King's Quest II: Romancing the Stones is the non-canon adaptation and retelling (remagining) of King's Quest II (rather than a true 'remake'), made by AGD Interactive (formerly Tierra ) fan company. Like the previous KQI remake, it is influenced by the official KQ5/KQ6 era, using VGA graphics and icon-driven interface. It is the second game in their trilogy of remakes.
The fan game includes a point and click interface, and also added VGA-like graphics and digital sound. Less of a true remake, but more of a retelling, the project altered many details from the original story. It removed a few characters and altered others, while it added new puzzles and story elements, including several side-stories, a town to visit, and references to future King's Quest games. As with most fan-made remakes, controversy remains over the copyright issues surrounding the game (with the developers having to obtain limited permission from the IP owners).
Because the game tried to keep the high sophistication and realism of the later games, the original scenario was 'fleshed out', a story background was developed, and some elements were added in order to improve realism, continuity, and for originality. For these reasons, since the game did evolve beyond the scope of a simple remake, and the 3 magic keys became 3 magic stones, bringing the spoofy title 'Romancing the Throne' closer to its original, the 1984 movie title 'Romancing the Stone'.
AGDI received a special fan license allowing them to make the game.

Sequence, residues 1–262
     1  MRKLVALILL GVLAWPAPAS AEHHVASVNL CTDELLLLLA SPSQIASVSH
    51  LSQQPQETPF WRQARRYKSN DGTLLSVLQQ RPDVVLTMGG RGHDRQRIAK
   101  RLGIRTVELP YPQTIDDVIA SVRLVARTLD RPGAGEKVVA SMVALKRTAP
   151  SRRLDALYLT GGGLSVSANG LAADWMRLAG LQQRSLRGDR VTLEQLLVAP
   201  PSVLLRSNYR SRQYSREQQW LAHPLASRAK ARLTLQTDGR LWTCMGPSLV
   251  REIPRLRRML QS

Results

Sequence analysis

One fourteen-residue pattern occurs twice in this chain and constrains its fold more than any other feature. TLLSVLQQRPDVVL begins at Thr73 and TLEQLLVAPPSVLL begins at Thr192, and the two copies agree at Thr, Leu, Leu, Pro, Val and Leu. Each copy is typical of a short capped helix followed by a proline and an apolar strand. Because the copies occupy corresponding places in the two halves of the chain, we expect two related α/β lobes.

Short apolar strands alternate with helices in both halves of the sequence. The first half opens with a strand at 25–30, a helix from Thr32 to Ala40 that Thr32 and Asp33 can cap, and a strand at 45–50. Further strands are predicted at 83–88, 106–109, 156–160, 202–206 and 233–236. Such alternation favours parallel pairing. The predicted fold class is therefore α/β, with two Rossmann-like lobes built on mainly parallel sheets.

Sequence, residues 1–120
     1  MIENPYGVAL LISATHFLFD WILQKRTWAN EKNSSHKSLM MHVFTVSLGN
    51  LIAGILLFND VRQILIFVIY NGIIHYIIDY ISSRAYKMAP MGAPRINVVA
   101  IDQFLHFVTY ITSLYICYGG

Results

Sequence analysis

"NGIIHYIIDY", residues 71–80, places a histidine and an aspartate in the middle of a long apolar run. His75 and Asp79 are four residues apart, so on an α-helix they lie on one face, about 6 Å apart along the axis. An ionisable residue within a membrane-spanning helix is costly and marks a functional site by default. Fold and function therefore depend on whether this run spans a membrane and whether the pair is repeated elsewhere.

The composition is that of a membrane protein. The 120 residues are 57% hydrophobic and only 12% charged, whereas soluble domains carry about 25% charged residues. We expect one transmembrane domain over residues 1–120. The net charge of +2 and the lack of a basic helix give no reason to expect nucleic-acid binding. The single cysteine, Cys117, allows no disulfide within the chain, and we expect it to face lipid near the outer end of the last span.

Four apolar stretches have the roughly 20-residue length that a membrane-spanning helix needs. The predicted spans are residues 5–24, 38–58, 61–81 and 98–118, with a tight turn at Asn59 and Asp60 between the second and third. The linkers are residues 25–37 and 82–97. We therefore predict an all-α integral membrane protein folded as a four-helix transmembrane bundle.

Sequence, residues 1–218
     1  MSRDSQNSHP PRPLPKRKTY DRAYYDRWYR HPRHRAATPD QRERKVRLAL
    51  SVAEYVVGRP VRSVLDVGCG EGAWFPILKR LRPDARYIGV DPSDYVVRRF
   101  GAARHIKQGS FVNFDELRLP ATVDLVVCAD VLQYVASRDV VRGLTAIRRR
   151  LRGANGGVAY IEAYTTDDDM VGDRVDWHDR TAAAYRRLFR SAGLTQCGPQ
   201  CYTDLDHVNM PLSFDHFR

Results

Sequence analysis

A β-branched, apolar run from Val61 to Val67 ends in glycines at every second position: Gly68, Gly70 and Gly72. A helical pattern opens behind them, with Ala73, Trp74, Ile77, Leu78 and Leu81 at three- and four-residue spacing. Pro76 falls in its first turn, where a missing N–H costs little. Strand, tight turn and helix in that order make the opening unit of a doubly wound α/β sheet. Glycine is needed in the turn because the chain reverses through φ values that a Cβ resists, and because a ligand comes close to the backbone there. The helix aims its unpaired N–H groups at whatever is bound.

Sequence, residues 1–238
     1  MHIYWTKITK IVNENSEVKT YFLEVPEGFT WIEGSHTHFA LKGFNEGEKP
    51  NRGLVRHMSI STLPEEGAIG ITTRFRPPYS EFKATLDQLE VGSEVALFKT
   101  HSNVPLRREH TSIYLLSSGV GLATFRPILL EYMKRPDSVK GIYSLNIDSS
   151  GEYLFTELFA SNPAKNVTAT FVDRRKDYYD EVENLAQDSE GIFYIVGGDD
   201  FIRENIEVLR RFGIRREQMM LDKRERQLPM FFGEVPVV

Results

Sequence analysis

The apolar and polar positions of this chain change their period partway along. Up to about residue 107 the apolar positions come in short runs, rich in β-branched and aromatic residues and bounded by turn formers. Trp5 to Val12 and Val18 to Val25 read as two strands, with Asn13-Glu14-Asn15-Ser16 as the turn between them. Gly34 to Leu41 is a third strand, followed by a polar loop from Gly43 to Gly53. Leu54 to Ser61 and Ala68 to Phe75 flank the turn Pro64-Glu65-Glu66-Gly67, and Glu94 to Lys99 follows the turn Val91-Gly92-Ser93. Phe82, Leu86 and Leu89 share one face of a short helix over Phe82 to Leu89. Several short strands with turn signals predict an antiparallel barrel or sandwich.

Stones introduced many new concepts, like the Kolyma Town in Kolyma, where some additional puzzles must be solved. Many locations are expanded upon, some locations are physically modified, some areas do not exist in their original locations, and some areas left out entirely. The map no longer loops. Due to the changes of the layout of the map, Kolyma's overworld is somewhat reduced compared to how it was in the original KQ2, 37 screens compared to the 49 of the original; the swamp has literally become its own zone, and is endless until you discover a way through it. However other locations such as under the sea have been greatly expanded. Item locations are changed, new items exist, and puzzles are often different.
In fact, the game manages to make several of the original characters completely opposite of who they are in the original game and King's Quest Companion. It places some of the benevolent characters into more villainous roles, while changing some of the villainous characters into sympathetic good guys. The concept of the Big Bad Wolf evolved into the brother of werewolves. The good monk Brother Fragola who previously helped Graham out, and officiated the wedding is now a villain named Llowh'wof. Count Dracula who was a villain that had to be destroyed in the original was turned into the Count Caldaur a benevolent ruler of Kolyma who Graham has to help reunite with his family of which Red Riding Hood (there known as Possum) and her grandmother are members. Gerwain became Gervain and his role was darkened. This is also the case with the old antique dealer Milvia, who was replaced with the character Angelina, who has a sinister past, unlike her innocent counterpart. Hagatha's role in the game is expanded, and she is given a fleshed background and is further tied into the rest of the history of the games (a role not unlike her expanded history in the King's Quest Companion).